Raising awareness and providing tools for Canadians to be sensitized to misinformation is integral for building citizen awareness of science-related misinformation. Although misinformation and disinformation are oftentimes used synonymously, they do differ. Misinformation refers to any false or misleading information, regardless of intent. Meanwhile, disinformation, a subcategory of misinformation, is false information with the intent to deceive.
With the increase of social media and digital technologies, misinformation today can be published online and reach tens of thousands of users almost immediately. Below are some tips to help Canadians identify science misinformation, as well as a list of networks supported by the Government of Canada that help address science misinformation by providing tools, building evidence and raising awareness.
Tips to help identify misinformation
Verify information with trustworthy sources
If you come across information that you are not sure is accurate, verify information by referencing trustworthy sources when possible.
Investigate the original source
Investigate if the information is coming from a credible source. If the source is from social media or a forum then investigate further to determine if the proposed source material matches the information you have come across.
Check the domain name
An easy way to check if information coming from a website is legitimate or not is to examine the domain name. Untrustworthy websites may use a URL that looks similar to popular news sites by omitting a letter or two, or by misspelling the name entirely.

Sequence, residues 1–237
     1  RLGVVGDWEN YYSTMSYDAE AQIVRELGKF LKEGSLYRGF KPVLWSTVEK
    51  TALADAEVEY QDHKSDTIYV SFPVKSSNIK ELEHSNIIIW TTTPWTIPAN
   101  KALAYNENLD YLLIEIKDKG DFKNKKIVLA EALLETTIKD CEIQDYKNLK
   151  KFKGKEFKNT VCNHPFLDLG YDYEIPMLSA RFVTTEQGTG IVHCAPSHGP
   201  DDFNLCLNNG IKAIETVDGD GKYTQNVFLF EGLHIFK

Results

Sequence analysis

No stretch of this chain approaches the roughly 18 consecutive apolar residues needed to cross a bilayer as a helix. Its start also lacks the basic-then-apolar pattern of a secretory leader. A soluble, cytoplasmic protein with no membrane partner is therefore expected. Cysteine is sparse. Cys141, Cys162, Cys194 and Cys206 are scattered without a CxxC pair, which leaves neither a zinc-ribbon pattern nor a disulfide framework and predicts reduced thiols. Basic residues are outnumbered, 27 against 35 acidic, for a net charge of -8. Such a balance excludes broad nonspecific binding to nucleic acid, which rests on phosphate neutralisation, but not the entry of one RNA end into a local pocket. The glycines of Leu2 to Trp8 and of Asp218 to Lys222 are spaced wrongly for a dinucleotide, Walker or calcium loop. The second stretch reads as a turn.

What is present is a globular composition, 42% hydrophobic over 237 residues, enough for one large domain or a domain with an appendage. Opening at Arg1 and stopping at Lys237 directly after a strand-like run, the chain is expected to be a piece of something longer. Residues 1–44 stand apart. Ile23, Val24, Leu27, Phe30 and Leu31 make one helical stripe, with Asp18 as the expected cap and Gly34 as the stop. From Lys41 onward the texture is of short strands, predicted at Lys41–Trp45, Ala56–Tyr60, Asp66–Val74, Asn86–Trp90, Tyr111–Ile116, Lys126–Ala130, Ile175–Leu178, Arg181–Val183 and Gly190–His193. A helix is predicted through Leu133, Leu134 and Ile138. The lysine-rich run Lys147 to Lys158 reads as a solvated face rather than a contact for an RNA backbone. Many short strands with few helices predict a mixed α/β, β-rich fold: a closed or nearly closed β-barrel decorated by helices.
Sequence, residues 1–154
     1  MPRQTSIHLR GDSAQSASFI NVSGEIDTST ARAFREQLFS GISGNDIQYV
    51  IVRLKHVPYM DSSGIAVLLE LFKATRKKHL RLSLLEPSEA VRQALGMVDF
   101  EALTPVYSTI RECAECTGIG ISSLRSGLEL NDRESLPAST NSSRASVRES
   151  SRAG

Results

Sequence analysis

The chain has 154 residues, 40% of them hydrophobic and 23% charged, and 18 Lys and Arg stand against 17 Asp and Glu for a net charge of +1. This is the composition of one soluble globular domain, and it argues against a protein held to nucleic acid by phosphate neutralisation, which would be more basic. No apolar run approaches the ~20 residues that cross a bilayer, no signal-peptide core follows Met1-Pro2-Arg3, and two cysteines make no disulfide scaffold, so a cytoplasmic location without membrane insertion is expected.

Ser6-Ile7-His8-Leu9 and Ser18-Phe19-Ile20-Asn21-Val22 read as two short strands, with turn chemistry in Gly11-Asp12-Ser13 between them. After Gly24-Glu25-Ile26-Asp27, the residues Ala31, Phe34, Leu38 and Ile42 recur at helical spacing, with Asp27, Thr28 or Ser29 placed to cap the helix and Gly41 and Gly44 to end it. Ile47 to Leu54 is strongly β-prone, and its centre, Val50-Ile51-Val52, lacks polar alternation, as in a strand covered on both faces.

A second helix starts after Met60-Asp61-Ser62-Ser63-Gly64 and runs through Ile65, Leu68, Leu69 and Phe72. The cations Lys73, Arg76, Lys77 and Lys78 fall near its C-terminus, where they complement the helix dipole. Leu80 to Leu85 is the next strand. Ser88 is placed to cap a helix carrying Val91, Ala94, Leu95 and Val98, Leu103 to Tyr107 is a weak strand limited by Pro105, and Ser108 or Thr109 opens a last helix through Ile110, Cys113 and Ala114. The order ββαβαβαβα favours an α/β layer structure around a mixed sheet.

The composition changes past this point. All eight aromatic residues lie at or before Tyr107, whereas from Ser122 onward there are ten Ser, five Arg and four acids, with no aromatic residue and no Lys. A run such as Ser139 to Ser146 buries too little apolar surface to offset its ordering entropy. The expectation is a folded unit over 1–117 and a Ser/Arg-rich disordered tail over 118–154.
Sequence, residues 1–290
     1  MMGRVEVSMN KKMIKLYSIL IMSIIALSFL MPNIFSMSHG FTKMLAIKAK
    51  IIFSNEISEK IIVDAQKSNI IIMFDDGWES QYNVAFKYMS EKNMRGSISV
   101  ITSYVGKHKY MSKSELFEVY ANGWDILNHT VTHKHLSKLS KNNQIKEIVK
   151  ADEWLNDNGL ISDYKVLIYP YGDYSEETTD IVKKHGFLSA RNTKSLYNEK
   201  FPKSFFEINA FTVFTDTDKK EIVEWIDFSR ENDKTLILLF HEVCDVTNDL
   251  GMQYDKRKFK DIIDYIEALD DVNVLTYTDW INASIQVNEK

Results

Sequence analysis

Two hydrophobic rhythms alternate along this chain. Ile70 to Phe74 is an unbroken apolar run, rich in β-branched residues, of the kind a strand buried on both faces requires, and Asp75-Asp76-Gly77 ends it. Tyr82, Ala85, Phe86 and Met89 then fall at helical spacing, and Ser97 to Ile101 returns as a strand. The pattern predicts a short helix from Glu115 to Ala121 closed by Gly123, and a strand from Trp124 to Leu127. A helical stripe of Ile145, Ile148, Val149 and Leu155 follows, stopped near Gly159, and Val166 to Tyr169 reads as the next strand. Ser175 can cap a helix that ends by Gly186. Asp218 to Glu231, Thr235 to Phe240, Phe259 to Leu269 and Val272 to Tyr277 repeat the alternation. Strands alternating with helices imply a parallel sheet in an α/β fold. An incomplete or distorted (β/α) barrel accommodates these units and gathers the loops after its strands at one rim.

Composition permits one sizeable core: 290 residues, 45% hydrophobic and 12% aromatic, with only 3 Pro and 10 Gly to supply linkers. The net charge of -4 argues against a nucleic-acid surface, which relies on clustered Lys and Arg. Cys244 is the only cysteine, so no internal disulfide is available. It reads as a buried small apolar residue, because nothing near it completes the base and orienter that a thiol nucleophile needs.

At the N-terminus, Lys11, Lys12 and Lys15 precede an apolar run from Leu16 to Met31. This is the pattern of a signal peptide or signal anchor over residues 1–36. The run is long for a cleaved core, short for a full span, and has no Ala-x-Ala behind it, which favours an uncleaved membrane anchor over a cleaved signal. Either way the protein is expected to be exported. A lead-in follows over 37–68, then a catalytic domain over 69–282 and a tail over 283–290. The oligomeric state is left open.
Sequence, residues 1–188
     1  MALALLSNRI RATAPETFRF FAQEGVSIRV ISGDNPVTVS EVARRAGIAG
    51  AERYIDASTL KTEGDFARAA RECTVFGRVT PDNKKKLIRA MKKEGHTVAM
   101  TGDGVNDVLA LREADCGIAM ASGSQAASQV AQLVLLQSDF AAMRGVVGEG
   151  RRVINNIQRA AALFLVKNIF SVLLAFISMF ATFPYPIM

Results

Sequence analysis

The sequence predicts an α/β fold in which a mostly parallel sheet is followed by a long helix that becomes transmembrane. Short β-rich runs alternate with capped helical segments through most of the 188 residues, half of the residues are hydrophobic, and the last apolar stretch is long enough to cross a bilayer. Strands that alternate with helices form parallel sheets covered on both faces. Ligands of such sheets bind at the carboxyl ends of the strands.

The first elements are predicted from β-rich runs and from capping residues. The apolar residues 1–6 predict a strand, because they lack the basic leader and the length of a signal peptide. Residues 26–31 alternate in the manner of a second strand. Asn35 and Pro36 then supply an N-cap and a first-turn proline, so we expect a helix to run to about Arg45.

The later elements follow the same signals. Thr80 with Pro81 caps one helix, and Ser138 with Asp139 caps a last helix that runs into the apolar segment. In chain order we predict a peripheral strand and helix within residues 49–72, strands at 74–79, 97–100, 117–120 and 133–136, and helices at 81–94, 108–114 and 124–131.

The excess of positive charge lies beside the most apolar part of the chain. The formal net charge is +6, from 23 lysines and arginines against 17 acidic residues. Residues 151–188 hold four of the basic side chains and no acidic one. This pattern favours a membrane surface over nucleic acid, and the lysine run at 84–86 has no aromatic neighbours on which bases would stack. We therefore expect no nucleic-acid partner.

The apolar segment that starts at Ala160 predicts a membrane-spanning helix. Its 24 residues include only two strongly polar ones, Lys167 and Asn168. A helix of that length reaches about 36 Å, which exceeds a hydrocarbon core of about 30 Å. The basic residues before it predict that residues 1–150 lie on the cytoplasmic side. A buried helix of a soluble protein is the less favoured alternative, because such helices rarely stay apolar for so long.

Canadian Association of Science Centres (CASC)
The Canadian Association of Science Centres is a national platform for Canada’s science centres/museums and informal science engagement. Both science centres and museums have relevance to all areas of the population and are important meeting places for science and society. Science centres and museums work to showcase science by illustrating its beauty, demonstrating its necessity, and making it accessible to the general public.
Created in 1996, MediaSmarts is a non-profit organization that develops digital and media literacy programs and resources for Canadian homes, schools and communities. Their vision is to ensure that Canadians have the critical thinking skills to engage with media as active and informed digital citizens. Since 2019, MediaSmarts has received funding for Media Literacy Week and other projects through the Digital Citizen Contribution Program, which promotes critical thinking in a digital world.
On their website, you will be able to find the following activities and other tools to teach Canadians about science literacy and identifying misinformation online.
- Reality Check: The Game
- Break the Fake
- Verifying Online News
- Finding and Evaluating Science and Health Information
- Authentication 101
- Resources for Parents – Authenticating Information
- Ethics of Sharing Information Online
Science Literacy Week
Libraries, museums, science centres, schools and not-for-profits come together to highlight the books, movies, podcasts and events that convey the excitement and influence of science in our everyday lives. The 2021 Science Literacy Week theme focused on climate and how Canadian climates have evolved over time, how those changes have impacted our lives, and how climates might change in the future.
#ScienceUpFirst is a national initiative that works with a collective of independent scientists, researchers, healthcare experts and science communicators. Supported through the Public Health Agency of Canada, they aim to stop the spread of misinformation around COVID-19. Follow them on Twitter, Instagram, TikTok, and Facebook @ScienceUpFirst, and share their posts with your friends and followers. Visit the #ScienceUpFirst webpage for shareable content and to join the conversation.